FC4 slimfast slimfest

Dan Williams dcbw at redhat.com
Tue Feb 22 16:19:06 UTC 2005

On Tue, 2005-02-22 at 10:40 -0500, Paul A. Houle wrote:
> On Tue, 22 Feb 2005 10:21:05 -0500, Dan Williams <dcbw at redhat.com> wrote:
> > For 2.0 a bunch of work went into the Word & Excel filters, so
> > compatibility there is much greater than just 90%.  A lot also depends
> > on the fonts you have, even on Windows with Office if you don't have the
> > same fonts as the document requires, Office has to do some guessing same
> > as OOo does.
> >
> 	For me the showstopper is lacking the ability to write comments on  
> documents.

Umm, Insert->Note?

> 	This is almost 100% of what I use MS word for.  Even back in '99 when OO  
> was called Star Office I felt that it was adequate for writing  
> documents...  I'd convert it to word and send it to the publisher and  
> everything was cool.  But then I'd get it back in word format with  
> comments and I'd need to use Microsoft word in order to see the comments,   
> reply to them,  make edits that the system could track with "track  
> changes".

Umm, File->Versions?  Edit->Changes?

All these things have been around for more than a year.  They are
supposed to be more or less equivalent to the Word features they refer
to, and if there is missing functionality for them, that is a bug that
needs to get fixed.

> 	I think the "import filter" idea is 100% of what's wrong with workflows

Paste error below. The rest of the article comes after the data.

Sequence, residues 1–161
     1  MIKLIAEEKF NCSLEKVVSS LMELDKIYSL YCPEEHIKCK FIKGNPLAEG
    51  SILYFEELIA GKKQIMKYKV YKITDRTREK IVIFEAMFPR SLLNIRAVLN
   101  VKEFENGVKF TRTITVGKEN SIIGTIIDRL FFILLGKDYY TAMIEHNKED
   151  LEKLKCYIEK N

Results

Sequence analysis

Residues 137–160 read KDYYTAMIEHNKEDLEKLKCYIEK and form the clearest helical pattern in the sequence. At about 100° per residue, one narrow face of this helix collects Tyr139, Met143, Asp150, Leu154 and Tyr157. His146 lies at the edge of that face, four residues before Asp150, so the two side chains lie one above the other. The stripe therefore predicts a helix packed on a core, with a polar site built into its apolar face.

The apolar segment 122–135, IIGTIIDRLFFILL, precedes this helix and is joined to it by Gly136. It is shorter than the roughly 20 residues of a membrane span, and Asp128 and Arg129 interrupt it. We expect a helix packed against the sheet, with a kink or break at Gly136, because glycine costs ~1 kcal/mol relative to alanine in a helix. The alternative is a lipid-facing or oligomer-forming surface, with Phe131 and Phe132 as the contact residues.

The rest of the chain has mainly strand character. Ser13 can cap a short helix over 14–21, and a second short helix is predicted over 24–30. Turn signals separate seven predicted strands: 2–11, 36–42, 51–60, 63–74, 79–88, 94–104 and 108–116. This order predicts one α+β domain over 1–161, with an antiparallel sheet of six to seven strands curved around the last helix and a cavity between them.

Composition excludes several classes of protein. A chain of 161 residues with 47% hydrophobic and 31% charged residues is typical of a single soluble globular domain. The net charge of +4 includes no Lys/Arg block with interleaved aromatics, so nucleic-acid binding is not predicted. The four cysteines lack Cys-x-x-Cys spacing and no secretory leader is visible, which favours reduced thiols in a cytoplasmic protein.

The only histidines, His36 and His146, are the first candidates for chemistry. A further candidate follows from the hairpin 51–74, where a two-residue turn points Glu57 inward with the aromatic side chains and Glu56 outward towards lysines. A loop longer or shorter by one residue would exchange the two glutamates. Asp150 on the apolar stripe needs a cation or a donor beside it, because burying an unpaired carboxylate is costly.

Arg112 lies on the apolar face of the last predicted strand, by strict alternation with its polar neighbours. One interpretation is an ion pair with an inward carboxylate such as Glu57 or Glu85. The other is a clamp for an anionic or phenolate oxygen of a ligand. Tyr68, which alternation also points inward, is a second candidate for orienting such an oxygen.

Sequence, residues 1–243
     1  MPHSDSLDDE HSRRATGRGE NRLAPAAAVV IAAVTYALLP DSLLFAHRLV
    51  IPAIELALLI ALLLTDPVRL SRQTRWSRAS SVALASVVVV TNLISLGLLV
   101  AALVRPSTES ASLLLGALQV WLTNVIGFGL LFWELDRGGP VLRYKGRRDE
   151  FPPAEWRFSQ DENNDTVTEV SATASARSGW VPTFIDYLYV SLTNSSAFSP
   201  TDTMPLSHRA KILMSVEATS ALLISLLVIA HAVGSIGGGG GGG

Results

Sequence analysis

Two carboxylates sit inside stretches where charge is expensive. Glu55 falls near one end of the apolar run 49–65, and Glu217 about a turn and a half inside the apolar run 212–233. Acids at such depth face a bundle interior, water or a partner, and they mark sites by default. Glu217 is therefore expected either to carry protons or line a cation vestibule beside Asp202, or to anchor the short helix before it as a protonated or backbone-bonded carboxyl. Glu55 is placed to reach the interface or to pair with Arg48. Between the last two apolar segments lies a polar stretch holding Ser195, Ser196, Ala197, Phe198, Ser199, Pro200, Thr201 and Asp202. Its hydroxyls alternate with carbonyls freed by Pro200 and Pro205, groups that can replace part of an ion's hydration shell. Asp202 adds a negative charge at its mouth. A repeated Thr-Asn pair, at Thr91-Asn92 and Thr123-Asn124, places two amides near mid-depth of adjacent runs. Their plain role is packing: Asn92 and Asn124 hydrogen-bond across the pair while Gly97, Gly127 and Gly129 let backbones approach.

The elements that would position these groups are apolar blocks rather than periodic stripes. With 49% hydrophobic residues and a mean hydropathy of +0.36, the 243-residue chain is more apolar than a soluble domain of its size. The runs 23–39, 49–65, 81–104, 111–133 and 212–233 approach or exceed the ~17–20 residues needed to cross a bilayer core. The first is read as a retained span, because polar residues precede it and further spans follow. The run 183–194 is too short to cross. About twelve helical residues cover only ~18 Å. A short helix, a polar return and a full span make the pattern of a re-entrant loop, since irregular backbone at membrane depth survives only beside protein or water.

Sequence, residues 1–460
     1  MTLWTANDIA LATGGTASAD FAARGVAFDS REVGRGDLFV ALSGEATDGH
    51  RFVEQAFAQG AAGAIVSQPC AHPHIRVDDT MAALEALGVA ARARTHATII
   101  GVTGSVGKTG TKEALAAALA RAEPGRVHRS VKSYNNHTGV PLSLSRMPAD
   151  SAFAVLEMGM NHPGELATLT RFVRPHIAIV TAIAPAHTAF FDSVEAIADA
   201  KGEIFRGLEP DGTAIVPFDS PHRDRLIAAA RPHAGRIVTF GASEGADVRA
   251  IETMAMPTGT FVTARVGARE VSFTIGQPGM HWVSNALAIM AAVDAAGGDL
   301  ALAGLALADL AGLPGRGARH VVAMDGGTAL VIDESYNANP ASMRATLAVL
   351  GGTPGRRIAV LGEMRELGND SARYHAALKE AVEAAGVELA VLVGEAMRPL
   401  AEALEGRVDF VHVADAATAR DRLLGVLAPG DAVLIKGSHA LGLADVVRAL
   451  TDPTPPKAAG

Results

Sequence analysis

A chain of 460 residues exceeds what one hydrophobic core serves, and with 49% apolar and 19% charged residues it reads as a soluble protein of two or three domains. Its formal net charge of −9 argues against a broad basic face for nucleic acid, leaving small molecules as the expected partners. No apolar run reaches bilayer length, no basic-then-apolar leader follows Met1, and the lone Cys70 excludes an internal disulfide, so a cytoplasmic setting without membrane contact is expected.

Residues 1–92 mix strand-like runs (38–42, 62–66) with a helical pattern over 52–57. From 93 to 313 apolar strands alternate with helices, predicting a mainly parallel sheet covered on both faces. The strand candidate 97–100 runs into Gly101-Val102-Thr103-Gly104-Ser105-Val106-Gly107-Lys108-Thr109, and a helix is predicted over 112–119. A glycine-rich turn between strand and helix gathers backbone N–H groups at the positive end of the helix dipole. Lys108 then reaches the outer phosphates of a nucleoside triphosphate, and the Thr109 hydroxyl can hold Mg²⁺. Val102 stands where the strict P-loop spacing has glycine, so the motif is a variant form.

> that involve office programs and other software (such as CMS systems.)   
> It's necessary,  because different systems use different representations,   
> but then even 99.9% accuracy isn't enough because the kind of people that  
> exchange office documents with other people expect to be able to do  
> round-trip scenarios and even the slightest bit of mangling is a huge  
> annoyance when it has to get unmangled again and again.  (Or doesn't get  
> noticed until you get back 1500 copies from the printer.)

For most people, the functionality offered by at least OpenOffice.org,
and possibly KOffice/Abiword/Gnumeric is sufficient.  We're not trying
to get 100% compatibility overnight here, that's impossible.  But what
the project does try to do is be "Good Enough", which is the formula
that Microsoft itself uses for most things.  When you're Good Enough for
most people, the product starts to get used, and you gain marketshare.
When you gain marketshare, people start having to deal with your file
format, and more and more people eventually are able to do both formats.
Its a gradual thing that takes a while, even MS Word took quite a while
to overtake WordStar (or whatever that was), as Excel too time to
overtake 123 and VisiCalc.  It took years before Word & Excel were "Good
Enough", but when they were, people really started to use them.


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